This article appeared in the Autumn 1966 (Issue #5) edition of the Kent Archaeological Review.
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Regional Survey Scheme.
The main function of any archaeological group must be the continual search for archaeological remains wherever building, farming or other activity is being carried on. One of the first priorities of any newly-formed group should be the setting up of some form of organised and methodical survey of its particular area. In this way, discoveries are not left to chance, known sites can be investigated before it is too late and everyone gets their chance to play a part.
All this was realised very early on in the existence of the Lower Medway Archaeological Research Group. A Regional Survey scheme was set up in 1964, covering the group's area -- stretching from Higham in the west; to Iwade in the east; the Thames Estuary in the north and the Maidstone area in the south.
All group members are kept supplied with specially-printed forms with spaces for location, sketches and comments on any archaeological site or discovery that may be found. These forms also bear a checklist for recording the searching of documentary sources and the date when the final report is drafted.
Further investigation in the form of limited trial trenching is then undertaken or, more simply, a close watch is kept on these sites. As soon as such facts as date and function have been determined, cards are prepared for two duplicate card indexes, which then provide a quick and easy reference for group members.
One index is held by the group archivist and is available for reference at certain times in Rochester Museum and the other is held by the group Regional Survey sub-committee. This sub-committee was set up recently to co-ordinate and guide regional survey work and to help new and younger members "find their feet." The sub-committee meets regularly and at its first meeting decided to arrange survey trips once a month. These, it is hoped, will make it possible to methodically check many quite large areas threatened by some form of development. The enormity of the task is shown by the fact that after the first four of these surveys, the list of areas to be covered is greater than it was when it was started!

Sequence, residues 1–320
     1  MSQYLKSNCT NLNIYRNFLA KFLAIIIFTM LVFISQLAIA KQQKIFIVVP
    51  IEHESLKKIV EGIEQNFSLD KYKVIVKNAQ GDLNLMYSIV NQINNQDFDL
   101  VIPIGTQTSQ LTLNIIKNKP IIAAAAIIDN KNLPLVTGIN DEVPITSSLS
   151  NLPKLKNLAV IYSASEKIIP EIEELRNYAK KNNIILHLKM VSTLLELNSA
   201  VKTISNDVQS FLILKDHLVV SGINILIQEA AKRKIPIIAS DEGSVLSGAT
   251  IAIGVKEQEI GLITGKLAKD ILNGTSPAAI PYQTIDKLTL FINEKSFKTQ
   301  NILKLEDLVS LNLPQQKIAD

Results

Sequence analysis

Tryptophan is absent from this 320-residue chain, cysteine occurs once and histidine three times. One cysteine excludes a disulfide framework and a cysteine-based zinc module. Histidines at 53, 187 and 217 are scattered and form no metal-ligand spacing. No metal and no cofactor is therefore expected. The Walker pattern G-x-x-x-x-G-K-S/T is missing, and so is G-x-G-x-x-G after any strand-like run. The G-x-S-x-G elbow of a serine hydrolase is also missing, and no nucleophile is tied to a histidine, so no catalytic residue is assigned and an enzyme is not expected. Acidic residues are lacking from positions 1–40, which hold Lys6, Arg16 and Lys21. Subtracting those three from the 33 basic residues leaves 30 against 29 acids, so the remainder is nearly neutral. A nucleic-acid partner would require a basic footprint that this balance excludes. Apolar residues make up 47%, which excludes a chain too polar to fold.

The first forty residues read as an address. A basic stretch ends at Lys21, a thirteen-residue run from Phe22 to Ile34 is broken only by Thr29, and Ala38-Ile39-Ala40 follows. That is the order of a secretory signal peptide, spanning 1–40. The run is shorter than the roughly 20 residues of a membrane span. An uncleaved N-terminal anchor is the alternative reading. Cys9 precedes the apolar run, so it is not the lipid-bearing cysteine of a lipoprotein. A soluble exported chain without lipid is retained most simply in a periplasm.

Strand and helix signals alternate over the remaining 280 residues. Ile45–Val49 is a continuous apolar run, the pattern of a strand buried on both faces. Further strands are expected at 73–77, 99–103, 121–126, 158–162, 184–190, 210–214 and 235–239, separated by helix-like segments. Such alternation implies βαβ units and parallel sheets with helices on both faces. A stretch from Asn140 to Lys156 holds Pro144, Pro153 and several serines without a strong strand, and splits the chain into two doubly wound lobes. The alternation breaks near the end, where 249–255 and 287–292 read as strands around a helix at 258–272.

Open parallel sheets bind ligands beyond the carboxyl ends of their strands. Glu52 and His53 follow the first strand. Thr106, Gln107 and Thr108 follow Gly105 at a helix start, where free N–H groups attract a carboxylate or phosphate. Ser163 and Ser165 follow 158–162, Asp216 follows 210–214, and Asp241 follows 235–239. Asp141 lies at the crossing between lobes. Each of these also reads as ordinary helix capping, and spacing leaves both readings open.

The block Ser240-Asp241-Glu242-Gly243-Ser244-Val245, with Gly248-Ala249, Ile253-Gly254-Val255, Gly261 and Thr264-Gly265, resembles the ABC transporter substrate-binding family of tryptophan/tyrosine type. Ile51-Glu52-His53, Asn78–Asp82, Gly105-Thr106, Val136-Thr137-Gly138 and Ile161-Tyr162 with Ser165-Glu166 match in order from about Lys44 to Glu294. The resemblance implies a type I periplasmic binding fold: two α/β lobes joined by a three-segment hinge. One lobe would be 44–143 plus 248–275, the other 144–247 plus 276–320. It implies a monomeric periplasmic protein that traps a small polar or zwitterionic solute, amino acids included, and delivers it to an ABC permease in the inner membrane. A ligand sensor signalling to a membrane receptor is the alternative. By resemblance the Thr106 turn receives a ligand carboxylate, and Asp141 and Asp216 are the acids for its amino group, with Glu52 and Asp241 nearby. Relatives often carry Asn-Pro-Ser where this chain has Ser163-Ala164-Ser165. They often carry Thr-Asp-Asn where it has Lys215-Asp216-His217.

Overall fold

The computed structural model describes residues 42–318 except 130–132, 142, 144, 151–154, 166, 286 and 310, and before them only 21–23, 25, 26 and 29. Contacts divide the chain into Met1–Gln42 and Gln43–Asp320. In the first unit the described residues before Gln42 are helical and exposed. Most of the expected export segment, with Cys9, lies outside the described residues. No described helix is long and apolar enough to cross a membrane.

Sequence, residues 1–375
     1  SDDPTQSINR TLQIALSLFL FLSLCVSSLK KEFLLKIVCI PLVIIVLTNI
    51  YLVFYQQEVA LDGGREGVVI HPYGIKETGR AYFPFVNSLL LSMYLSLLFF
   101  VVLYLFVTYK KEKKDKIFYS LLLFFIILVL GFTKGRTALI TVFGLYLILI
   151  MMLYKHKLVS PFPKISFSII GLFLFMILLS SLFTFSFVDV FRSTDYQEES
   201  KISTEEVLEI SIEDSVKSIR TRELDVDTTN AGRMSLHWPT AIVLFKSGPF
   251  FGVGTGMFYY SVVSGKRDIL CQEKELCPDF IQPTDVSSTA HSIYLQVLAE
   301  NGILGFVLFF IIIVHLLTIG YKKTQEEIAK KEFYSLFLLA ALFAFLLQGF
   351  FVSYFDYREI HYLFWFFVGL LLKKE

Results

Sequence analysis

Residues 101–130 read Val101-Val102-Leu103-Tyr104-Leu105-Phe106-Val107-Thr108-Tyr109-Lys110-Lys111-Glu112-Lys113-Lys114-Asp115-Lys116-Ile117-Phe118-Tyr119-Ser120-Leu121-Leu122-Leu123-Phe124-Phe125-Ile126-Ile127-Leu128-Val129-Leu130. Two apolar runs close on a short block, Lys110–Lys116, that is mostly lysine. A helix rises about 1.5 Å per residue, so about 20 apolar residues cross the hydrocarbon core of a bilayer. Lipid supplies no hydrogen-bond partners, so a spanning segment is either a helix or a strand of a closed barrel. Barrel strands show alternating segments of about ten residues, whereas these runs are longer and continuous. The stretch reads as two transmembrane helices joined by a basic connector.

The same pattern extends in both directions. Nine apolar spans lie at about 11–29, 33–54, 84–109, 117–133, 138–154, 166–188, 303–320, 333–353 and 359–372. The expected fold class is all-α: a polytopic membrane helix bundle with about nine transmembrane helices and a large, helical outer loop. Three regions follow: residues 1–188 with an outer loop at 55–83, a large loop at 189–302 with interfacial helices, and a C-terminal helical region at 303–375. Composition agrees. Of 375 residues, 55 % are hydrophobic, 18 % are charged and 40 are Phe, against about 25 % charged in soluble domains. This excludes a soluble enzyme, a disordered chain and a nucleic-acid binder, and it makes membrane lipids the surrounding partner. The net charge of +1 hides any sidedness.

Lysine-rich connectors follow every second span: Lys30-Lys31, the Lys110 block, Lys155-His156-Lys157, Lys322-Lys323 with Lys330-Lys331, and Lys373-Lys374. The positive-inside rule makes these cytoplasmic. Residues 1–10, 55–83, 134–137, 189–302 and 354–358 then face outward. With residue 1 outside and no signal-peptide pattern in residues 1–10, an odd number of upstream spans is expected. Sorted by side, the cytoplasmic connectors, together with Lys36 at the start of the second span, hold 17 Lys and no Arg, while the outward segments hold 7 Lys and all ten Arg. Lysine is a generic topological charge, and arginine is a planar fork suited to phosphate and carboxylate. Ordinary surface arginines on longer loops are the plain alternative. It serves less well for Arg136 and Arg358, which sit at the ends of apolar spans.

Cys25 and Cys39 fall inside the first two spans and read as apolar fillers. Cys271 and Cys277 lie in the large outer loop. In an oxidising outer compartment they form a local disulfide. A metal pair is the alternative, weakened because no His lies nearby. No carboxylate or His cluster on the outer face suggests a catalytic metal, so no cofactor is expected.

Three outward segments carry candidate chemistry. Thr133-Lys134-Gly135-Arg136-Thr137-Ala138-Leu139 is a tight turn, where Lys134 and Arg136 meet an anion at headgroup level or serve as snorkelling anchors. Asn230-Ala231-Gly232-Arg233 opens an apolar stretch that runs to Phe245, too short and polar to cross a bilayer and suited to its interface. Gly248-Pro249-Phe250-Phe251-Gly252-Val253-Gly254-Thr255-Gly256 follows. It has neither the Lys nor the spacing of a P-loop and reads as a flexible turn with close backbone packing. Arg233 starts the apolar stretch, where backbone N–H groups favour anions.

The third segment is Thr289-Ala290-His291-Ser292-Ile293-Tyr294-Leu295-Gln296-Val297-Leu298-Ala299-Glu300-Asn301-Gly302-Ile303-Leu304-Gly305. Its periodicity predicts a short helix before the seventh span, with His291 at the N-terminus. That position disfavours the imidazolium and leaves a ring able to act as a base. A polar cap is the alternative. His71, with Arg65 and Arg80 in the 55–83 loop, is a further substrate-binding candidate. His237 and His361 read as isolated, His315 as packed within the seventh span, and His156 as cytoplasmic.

Areas covered in the first few months have been scattered all over the group's area: a suspected Romano-British site on Bluebell Hill, Aylesford; a Romano-British industrial site in saltings at Iwade; the Allington region, near Maidstone and Tunbury Wood, near Chatham. On each of these the positions of known discoveries were located exactly and many new features were recorded for future investigation. Arranged for the next few months are surveys on the site of the Maidstone by-pass extensions and a suspected Romano-British site at Cooling.
Of course, such surveys are of no use whatsoever if those taking part do not know what to look for. Even experienced members often fall down in this respect. The problem boils down to the fact that the signs of, say, a ploughed-out barrow can be difficult to detect unless you know exactly what it is you are looking for. To help pass on some of this knowledge, the subcommittee has started a photographic library which will be used for "training" sessions. The photographs will not be of well-preserved, obvious sites, but rather of the type of archaeological feature which a field-worker could come upon and easily miss. To augment this, the sub-committee is arranging visits to areas rich in archaeological remains where members will be able to see barrows, field systems and other such features in the field. The first is to the South Downs and members will be shown how to go about finding and recording these features by a leading Sussex authority.
The ultimate aim of the Regional Survey scheme is to get all group members to keep a close watch on all building, farming and other activity and record any discoveries. No-one of course, should overlap someone else -- that is just wasting valuable time. The problem of co-ordination of activity becomes even more complicated by the fact that the group's territory takes in two areas of large-scale, speedy growth -- the Medway Towns and Maidstone. In Maidstone, the group has recently undertaken to help Maidstone Museum in watching building sites, survey work and rescue operations in the area bounded by Detling, Hollingbourne, Charing, Smarden, Biddenden, Marden and Yalding.